From the 16th century “San Juan” lost its meaning as a temple-fortress. Several building works were made in the temple, which changed its medieval origins in accordance with the magnitude of these works.
1- The battlement tower became a peaceful bell tower
The tower was a former military castle with the function of defending the door under it. It seems to belong to the global fortification or walling that took place in the 14th century. When it is viewed from the countryside it keeps all its martial splendour, even at the battlements. From here the tower shows three different parts. In the lower part there is a big relieving arch, pointed and jutting out at the edges. Inside this arch, and much lower there is another arch, which is also pointed but open. There are two loopholes at the strip of wall between both arches. The door was inside the inner arch, which was lowered and raised by chains.
In the second part there is another fine relieving arch. And, in the third part, there are very wide windows with a bevelled edge. The sides have this structure too but they lack the arch and the door in the lower part.
The front of the tower is completely different. The two lower parts are joined in one and it is occupied by a big relieving arch. Below there is a double arch that is also pointed and it leads to the inside of the lowest part of the tower and it has the same structure as the opposite arch leading to the outside, but this one is lower. All of it makes a beautiful set of arches.
In the first half of the 16th century a bell gable was built at the top of the tower.
2- The temple was widened to the north
In the 16th century the left arm of the transept was widened. The former Gothic door was destroyed and now it has a very simple style, of which only a small font for holy water remains at the lintel, together with two buttresses topped by gables with volutes on the right of the door and a gargoyle representing a woman called “Maripena” by the inhabitants. There are Gothic corbels that are decorated both with figures and plant motifs.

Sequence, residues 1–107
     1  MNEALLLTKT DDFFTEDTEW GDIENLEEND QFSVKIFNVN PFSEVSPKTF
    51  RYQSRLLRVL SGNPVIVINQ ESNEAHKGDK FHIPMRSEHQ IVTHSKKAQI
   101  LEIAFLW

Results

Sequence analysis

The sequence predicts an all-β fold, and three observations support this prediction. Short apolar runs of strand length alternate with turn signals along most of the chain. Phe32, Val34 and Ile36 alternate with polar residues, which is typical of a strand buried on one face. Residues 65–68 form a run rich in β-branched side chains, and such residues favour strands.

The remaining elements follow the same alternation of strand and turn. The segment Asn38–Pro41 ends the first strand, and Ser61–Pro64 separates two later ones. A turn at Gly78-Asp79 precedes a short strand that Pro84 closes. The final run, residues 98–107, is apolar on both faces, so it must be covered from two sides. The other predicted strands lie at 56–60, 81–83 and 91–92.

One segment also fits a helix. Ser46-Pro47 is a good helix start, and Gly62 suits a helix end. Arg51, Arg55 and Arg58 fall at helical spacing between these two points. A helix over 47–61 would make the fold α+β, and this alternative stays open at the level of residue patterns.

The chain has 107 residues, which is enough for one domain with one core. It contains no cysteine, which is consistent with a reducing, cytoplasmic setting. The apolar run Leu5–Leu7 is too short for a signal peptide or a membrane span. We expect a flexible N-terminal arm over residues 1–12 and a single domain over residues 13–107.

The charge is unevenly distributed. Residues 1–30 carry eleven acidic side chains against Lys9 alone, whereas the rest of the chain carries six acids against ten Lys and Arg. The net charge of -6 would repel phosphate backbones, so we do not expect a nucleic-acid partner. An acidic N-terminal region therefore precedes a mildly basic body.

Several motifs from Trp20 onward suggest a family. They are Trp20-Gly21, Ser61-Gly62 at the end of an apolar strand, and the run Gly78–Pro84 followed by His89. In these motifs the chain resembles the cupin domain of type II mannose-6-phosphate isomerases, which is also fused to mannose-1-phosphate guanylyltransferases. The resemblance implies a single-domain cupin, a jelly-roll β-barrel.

3- The Chapel of the Virgin of “El Pilar” is built next to the foot of the temple
In 1553 Juan de Asteasu began building a chapel that covered the monumental door at the foot of the temple, but only the spring of the vaults remain and it is thought to have been similar to that of “Santa María de los Reyes”.
Between 1732 and 1740 Juan Bautista de Arbaiza built the present chapel at the foot of the temple.
Arbaiza created a constructional space that broke with the structures in which it was included. His work shows an utter mastery of symmetry and he built a temple with a structure that was closer to the human essence, more down-to-earth. It is a combination of the style prevailing during the last period of the Baroque art and the Classic period that was struggling its way through at that time.
It has an octagonal floor plan, with a diameter of 18.80 metres, being 19 metres high. Some big Corinthian columns spring from the angles and are topped by musician angels, whose backs are the starting point of the vaulting nerves that intertwine a grandiose star. There is a double set of arches, one on top of the other, springing from the same angles of the octagon and making up a wide arcade. They are both circular at the upper and lower floors respectively. The ornaments at the vault recall the history of the Virgin of “El Pilar” in Zaragoza.
The reredos of the Virgin of “El Pilar” was made a short time before the building of the chapel. It is Baroque, from the end of the 17th century or the beginning of the next one.
The sculpture of the Virgin of “El Pilar” belongs to the mullion of the former front door of the temple, from the 13th – 14th centuries. It is standing, elongated and narrow, which is characteristic of these type of images. It has a big charm and shows a great natural aspect. The image's face is oval with almond eyes and highly raised eyebrows. It is holding a flower in her right hand and the Infant on her left arm, who is turned towards the centre and is blessing with his right hand, whereas he is holding an apple in his left hand..
This sculpture from the 13th – 14th century is polychrome. This polychromy was applied in two different periods: from the 16th and 17th centuries. The Virgin's face was the most altered part.
It is surprising that this sculpture has nothing to do with the Virgin of “El Pilar” in Zaragoza, from the aesthetic point of view. The only common aspect is that it rested on a pilaster, hence its name: “El Pilar”.
It was worshiped all over La Rioja Alavesa and Navarre during the Middle Age and the Renaissance.